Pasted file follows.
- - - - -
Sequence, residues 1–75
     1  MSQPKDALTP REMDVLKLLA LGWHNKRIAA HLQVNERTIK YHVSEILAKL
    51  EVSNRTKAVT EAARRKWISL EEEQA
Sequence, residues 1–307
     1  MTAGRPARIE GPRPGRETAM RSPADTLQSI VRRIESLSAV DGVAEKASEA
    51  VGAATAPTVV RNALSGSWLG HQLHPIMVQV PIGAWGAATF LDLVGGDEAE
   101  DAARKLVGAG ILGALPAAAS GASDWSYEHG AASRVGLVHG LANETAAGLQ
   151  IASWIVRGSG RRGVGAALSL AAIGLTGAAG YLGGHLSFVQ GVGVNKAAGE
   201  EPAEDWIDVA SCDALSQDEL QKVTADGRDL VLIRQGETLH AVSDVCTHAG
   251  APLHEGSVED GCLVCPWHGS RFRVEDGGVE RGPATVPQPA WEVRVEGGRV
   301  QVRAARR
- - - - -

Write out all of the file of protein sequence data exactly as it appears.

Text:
Sequence, residues 1–75
     1  MSQPKDALTP REMDVLKLLA LGWHNKRIAA HLQVNERTIK YHVSEILAKL
    51  EVSNRTKAVT EAARRKWISL EEEQA
Sequence, residues 1–307
     1  MTAGRPARIE GPRPGRETAM RSPADTLQSI VRRIESLSAV DGVAEKASEA
    51  VGAATAPTVV RNALSGSWLG HQLHPIMVQV PIGAWGAATF LDLVGGDEAE
   101  DAARKLVGAG ILGALPAAAS GASDWSYEHG AASRVGLVHG LANETAAGLQ
   151  IASWIVRGSG RRGVGAALSL AAIGLTGAAG YLGGHLSFVQ GVGVNKAAGE
   201  EPAEDWIDVA SCDALSQDEL QKVTADGRDL VLIRQGETLH AVSDVCTHAG
   251  APLHEGSVED GCLVCPWHGS RFRVEDGGVE RGPATVPQPA WEVRVEGGRV
   301  QVRAARR